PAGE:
See my prior answer. Also, you like most leave the victims and their survivors out and assume that the death penalty has some purpose such as getting rid of bad apples. I think the main purpose of the judicial system is to provide justice for those affected by murderous criminals. While there is no possibility of adequately compensating these people, at least once the planet is rid of them, they won't have to worry about the perpetrator being released or escaping prison and coming after them. Most of us who have support for capital punishment in particularly egregious cases see it as justice, not punishment. If justice is fairness, then the fairness is to the victims and/or survivors in the case of capital punishment.

Would I personally like it if the 'innocent' was me or mine?  No.  But then I don't think I'd personally like any of 'mine' to be "collateral damage" in any way - either as a victim or a bystander to a violent event.  

But why do you fret so much more about the off chance of someone being an unintended victim of the system whereas you exhibit very little concern for the much greater category of innocent victims of the murderer?

Why is the judiciary system being held more accountable than the operator of a drone which kills innocent people, or the gun-toting adherents whose guns are taken and abused? 

Who is it that's holding the judicial system more accountable than the drone operator? In both cases attempts are made to reduce the chance of collateral damage. I maintain that a system which takes the approach "this is a social and judicial matter" alone and more or less shoves the victims and survivors aside as not worthy of justice is dysfunctional.

Collateral damage seems to be acceptable in all other areas of American activity.  Why does that change for this situation?

Why pick on America? I'm sure it would take little effort to find examples of systemic collateral damage on your side of the pond as well. For example.

You don't need a drone or capital punishment to generate collateral damage.

I'm not 'picking on' America, I thought we were discussing the death penalty, and there isn't one in the UK.  I'm also not holding the UK up as any kind of paradigm.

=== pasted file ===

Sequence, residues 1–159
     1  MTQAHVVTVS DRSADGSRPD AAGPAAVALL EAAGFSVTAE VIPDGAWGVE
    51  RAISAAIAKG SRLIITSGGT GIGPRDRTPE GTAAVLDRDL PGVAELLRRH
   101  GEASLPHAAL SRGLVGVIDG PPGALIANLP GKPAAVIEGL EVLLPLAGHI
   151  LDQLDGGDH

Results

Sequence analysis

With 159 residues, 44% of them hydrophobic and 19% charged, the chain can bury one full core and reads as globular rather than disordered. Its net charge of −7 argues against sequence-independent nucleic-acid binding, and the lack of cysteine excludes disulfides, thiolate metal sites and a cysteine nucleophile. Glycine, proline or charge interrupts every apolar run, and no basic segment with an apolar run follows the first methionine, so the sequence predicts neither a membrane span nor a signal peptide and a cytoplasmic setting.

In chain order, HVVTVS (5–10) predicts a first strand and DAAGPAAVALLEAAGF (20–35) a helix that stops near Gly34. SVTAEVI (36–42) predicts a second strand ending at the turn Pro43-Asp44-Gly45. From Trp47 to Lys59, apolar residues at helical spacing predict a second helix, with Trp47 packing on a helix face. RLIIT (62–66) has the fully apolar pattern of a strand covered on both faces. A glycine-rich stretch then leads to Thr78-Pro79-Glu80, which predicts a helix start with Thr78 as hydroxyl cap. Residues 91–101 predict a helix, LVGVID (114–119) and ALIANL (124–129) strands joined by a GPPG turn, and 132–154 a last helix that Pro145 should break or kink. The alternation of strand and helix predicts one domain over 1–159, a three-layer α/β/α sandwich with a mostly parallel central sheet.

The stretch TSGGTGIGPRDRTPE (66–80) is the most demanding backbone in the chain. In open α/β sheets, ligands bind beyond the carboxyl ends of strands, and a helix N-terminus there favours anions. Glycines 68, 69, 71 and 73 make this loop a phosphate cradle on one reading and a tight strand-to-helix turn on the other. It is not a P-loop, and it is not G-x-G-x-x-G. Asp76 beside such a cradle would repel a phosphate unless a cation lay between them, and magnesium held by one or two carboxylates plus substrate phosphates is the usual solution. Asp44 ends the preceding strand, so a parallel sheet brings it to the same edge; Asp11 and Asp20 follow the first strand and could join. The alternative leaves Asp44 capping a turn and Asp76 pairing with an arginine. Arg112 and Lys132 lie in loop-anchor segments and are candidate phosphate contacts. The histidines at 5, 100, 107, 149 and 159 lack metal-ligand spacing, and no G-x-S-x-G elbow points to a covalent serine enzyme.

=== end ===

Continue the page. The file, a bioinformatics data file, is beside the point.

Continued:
As to why I didn't point out other victims - simply an attempt at brevity. If you're going to have a system that kills criminals, I think it should be a swift and efficient one.

The problem you pose with retribution of the victims is not such a problem if you don't try to recompense them.  Why does the State or Government owe something to the victim.  Its unfortunate, but I don't see why the government feels it has a responsibility to reimburse a victim, and in any event it isn't possible.  This problem is akin to trying to make the country a gigantic insurance company that reimburses for losses.

Shit happens.  The perpetrators get eliminated, and that should be that.  I see no liability on the part of the state or government to 'repair' it.  Collateral damage is everywhere.

I simply pointed out that collateral damage is a problem everywhere, pointing to examples in your backyard as proof.

The justice system shouldn't be there to compensate victims or survivors, but to dispense justice. And who needs it more than the victims and survivors?

Well that's the thing, Unseen.  Why is the state obliged to recompense the victims?  I'm not a big fan of "justice" in the way it seems to be used here.  You seem to be looking at the emotional perspective - I'm just considering practicalities.  A dead offender is a non-repeating offender.  I really don't feel the need to make the victims feel better.  You do.  That's not an argument, simply a different viewpoint.

A dead offender is a non-repeating offender.  I really don't feel the need to make the victims feel better. 

But it DOES make the victims feel better. Who does the judicial system exist FOR if not for the injured parties?

That's a great question, and I suspect there are many viewpoints on that.  I think for me it is basically to make society a safer place, so for me the system is there to remove criminals.  I can see that for others, there may be a different understanding.

 

"I think the main purpose of the judicial system is to provide justice for those affected by murderous criminals."

Neurolaw is becoming huge now and there are Lawyers specializing in it. 

There are questions like:

Is he guilty or did his brain make him do it?

If they are psychopaths are they guilty or defective?

If something is defective do we destroy it or try to fix it or just keep it out of harms way?

 If a lot of psychopaths are going to be spared the death penalty in the future then how else could justice be served for victims of crime?

 

Yes, both the law and commonly-held attitudes are having a hard time keeping up with the science.

No, not really Doug.  Funnily enough I think its a reasonable price to pay.  I really love my life, but once I'm dead I'm not actually going to miss it.

And if it is my beloved, I've been through losing a partner to breast cancer - these things happen.  You learn to accept what you cannot change.

 

"both the law and commonly-held attitudes are having a hard time keeping up with the science."

Yes - very much so.